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Paperback / ISBN-13: 9781787753938

Price: £18.99

ON SALE: 21st October 2020

Genre: Society & Social Sciences / Education

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Perfectionism is frequently seen as a positive trait but it can have a stifling effect on young people’s education and growth and can negatively impact any student regardless of their level of ability. This guide offers professionals working with teenagers the latest research into perfectionism alongside tried-and-tested strategies to alleviate the anxiety associated with it.

The first section addresses the theory and context behind perfectionism, including definitions, prevalence, links to other conditions and causal factors. The second section offers easy-to-use activities based on CBT, ACT and DBT to help young people and the professionals working with them to address the tendencies which negatively impact students’ lives and academic progress.

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Reviews

The author uses her wealth of experiences, and research to capably guide the reader through the maze that is perfectionism in this well researched and much needed book. Preconceptions are challenged, associated risks explained and light thrown on an area with little reference material, importantly making the crucial link to mental health, and providing helpful practical strategies for working with young people.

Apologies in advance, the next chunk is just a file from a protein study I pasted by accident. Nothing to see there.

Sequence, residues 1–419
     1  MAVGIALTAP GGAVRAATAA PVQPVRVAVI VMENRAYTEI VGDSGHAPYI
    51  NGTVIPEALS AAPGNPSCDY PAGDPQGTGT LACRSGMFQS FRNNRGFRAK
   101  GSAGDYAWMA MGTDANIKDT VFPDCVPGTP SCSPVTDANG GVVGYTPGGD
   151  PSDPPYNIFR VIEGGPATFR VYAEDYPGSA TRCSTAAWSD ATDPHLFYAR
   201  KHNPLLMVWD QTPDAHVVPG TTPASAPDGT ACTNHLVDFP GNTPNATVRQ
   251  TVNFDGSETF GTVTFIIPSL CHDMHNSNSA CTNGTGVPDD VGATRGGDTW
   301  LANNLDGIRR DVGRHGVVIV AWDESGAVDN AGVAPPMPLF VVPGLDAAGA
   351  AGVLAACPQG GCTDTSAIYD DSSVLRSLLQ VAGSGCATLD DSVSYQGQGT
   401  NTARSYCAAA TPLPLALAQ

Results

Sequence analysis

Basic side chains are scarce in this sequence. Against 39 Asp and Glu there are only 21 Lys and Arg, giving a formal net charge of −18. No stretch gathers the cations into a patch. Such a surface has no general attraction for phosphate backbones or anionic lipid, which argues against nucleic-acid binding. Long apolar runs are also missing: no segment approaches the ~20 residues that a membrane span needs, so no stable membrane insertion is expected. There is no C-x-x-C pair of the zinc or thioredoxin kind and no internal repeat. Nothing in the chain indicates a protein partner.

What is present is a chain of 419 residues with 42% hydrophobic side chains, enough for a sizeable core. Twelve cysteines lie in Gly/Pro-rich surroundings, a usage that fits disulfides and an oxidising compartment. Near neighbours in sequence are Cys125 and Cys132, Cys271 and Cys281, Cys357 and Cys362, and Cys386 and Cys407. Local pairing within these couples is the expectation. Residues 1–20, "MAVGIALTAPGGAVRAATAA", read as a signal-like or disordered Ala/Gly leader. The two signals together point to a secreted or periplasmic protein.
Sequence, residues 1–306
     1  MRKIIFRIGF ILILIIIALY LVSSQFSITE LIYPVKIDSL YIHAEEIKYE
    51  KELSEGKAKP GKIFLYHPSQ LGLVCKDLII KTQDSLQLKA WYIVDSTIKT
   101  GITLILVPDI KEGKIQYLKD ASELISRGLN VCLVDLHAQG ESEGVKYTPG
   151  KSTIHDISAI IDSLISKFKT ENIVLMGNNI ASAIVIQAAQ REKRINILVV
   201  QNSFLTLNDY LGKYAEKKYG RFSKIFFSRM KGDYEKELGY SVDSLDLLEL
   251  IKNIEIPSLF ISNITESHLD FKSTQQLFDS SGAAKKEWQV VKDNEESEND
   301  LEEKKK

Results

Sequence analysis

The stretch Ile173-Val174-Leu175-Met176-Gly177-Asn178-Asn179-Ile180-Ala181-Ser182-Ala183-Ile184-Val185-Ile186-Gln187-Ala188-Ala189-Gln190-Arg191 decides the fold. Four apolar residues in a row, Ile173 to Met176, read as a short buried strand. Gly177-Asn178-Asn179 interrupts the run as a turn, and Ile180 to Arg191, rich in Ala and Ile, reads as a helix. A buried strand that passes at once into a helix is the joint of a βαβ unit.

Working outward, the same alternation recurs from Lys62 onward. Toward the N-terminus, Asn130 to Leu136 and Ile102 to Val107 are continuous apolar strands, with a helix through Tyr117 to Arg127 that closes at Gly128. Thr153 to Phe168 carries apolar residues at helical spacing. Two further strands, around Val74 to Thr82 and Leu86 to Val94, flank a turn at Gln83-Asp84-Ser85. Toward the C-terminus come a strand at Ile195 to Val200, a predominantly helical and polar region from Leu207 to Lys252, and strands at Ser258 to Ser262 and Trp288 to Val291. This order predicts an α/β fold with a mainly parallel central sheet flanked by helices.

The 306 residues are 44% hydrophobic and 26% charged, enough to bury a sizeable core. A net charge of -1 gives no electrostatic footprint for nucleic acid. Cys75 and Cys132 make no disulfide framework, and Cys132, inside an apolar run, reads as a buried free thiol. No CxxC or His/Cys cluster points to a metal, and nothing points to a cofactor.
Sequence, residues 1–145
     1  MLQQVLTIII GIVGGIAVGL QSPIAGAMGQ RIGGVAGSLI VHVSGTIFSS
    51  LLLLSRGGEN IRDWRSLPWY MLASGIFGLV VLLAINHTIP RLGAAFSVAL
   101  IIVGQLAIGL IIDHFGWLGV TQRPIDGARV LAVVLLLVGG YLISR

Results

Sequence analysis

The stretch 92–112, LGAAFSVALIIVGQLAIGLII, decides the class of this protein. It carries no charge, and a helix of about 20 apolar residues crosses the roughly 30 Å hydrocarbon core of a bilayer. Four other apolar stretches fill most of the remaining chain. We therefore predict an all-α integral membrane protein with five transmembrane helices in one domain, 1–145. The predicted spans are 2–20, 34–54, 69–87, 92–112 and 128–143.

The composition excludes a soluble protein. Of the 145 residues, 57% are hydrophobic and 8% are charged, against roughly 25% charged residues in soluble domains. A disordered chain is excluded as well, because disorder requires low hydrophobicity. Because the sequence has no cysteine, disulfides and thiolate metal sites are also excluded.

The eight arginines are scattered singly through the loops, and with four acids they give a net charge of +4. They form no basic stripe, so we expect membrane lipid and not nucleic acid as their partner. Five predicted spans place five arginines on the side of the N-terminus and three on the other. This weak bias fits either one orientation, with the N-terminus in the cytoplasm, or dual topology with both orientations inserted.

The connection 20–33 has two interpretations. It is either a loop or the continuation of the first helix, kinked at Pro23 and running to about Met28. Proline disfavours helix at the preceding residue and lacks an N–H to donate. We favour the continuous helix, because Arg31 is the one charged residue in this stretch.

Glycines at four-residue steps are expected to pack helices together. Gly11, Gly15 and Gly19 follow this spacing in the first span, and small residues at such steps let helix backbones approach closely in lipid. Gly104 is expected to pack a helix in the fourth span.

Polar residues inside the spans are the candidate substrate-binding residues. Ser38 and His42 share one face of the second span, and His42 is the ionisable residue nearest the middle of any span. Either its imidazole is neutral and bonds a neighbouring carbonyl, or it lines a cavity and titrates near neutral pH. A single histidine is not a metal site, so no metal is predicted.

Dr John Holland, educational psychologist specialising in loss and bereavement
An inspiring book on the difference between perfectionism and optimalism. The interesting case studies introduce different behaviours of perfectionism displayed by people and how certain feedback to students can seem positive but can actually be damaging to the student. Contained in the book are excellent strategies for both young people and the adults working with them to help become a more healthy optimalist. Dawn Starley has taught me that good enough is perfectly okay.
Angela Powell, secondary school teacher of mathematics
This is an important book for young people, families, schools and anyone interested in children's development. I am always impressed with work that shines a light on neglected problems. Dawn Starkey has done more than that - she has also offered practical, useful and creative ideas to address the problems of perfectionism.
Dr Rob Green, Somerset Educational Psychology Service and Educational Psychology Programme Director, University of Bristol
Dr Starley has written a book which, with some relief, will flick a light switch on for many parents. The negative aspects of perfectionism often go unseen and this book will enable parents to make sense of increasingly serious and puzzling aspects of their child's behaviour, especially if they also have another diagnosis. Dr Starley writes with authority, based in her research and experiences of working with young people, as well as with compassion, outlining ways in which parents and carers can support their children moving forward.
Lorna Tredget